Gujarati Biscuit Bhakri Recipe

Gujarati Biscuit Bhakri

Gujarati Biscuit Bhakri

Bhakri also known as biscuit roti is an extremely popular bread in Maharashtra and Gujarat. It is called biscuit roti due to its thick crisp texture.

Bhakri is made using various flours such as jowar flour (sorghum flour), wheat flour, rice flour, ragi flour and even combinations of flours to make a multi-grain bhakri.

I really love the crisp texture of this biscuit roti. Making bhakri can sometimes be very tricky but I learnt the tricks from my sister. Making the right consistency dough is particularly important in making good bhakris. The dough should neither be too soft nor too tight and cooking them on medium heat to get cooked through since these are quite thick as compared to the rotis.

This is one of my favourite breads! The crispy bread with natural sweetness of the flour is simple and quick to make. It compliments very nicely with the Khatta Meetha Bataka nu Shaak or even yogurt.


2 cups coarse whole wheat flour
2 tablespoons oil
1 teaspoon salt
½ cup water
½ cup ghee



In a bowl mix flour, salt and oil with gentle hands so that the oil is evenly mixed in the flour.


Slowly add water to the flour and knead it to form a hard dough. Let it rest for about 10-20 minutes covered with a wet cloth.


Knead the dough again and pinch out 8 balls out of the dough. Place the balls on the working surface and roll the balls with the rolling pin into 3-4” diameter circle. The bhakri’s should be around 3-4 mm thickness.


Preheat a tawa/flat pan. Slide the rolled bhakri on the tawa/pan on low heat. Flip the bhakri after a minute to cook the other side.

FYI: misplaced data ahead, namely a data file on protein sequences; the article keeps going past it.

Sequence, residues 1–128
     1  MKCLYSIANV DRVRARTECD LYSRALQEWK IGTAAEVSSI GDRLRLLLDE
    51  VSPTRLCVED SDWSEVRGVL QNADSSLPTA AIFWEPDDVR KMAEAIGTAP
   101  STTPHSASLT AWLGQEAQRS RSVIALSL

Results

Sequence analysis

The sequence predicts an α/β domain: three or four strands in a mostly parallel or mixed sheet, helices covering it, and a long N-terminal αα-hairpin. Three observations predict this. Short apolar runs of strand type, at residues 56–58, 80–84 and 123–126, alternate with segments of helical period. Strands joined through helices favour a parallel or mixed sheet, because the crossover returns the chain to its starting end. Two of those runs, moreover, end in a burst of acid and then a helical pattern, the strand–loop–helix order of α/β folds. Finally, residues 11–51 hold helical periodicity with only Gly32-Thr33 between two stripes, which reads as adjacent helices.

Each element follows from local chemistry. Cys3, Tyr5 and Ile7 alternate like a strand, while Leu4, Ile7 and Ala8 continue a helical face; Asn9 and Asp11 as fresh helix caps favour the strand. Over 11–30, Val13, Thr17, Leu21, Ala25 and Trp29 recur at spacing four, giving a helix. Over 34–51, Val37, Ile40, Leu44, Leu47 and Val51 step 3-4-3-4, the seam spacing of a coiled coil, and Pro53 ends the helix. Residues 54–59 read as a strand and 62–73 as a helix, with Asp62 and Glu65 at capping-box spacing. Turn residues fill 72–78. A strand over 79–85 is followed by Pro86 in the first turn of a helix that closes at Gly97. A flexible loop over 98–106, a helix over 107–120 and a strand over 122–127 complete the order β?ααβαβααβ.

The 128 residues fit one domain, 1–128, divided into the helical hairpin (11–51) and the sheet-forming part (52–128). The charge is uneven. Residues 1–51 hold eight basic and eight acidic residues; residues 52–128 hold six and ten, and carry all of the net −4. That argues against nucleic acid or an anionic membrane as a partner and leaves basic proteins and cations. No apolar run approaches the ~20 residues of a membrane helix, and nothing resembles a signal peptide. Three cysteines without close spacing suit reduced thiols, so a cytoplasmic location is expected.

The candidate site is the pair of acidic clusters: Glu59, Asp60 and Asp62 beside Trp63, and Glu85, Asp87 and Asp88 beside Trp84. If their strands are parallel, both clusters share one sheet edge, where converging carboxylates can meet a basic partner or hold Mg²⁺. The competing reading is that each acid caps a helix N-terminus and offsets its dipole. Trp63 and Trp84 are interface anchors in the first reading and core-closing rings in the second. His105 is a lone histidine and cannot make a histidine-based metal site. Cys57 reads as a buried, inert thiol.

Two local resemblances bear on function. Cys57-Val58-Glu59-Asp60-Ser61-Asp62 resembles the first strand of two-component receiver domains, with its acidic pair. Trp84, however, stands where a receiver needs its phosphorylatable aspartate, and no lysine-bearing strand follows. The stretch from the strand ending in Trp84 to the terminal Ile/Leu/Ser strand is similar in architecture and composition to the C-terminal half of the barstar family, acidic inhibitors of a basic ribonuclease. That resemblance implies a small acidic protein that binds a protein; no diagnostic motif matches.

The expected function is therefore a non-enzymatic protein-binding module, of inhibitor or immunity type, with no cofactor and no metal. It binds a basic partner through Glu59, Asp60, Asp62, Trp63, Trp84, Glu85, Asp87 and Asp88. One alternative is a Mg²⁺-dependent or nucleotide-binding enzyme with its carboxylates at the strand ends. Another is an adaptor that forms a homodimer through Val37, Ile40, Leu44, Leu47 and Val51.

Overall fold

Spread ¼ teaspoon ghee on the bhakri and flip it to the other side and spread ¼ teaspoon on this side.


Keep flipping the bhakri every 15-20 seconds to cook on both sides by pressing it until it is golden brown and crisp. It should take around 3-4 minutes.

Serve it hot.

Tips & Variations

  1. Bhakri can be made from various flours such as jowar (sorghum) flour, ragi flour, makki (maize) flour, bajra (pearl millet) flour, wheat flour, rajgira (amaranth) flour or kuttu (buckwheat) flour.
  2. While kneading the dough, add water slowly as the dough for the bhakri should be hard.
  3. While kneading the dough, you can substitute oil with melted ghee.
  4. It is important to press the bhakri while cooking to make it crisp.
  5. A combination of flours may also be used for making bhakri.
  6. You can also add onion, green chili, coriander and leafy greens to make a masala bhakri
  7. Bhakri should always be cooked on a medium heat for even cooking.
  8. Applying some ghee or oil while cooking bhakri helps keep the bhakri moist and soft and it also adds flavour to the bhakri.

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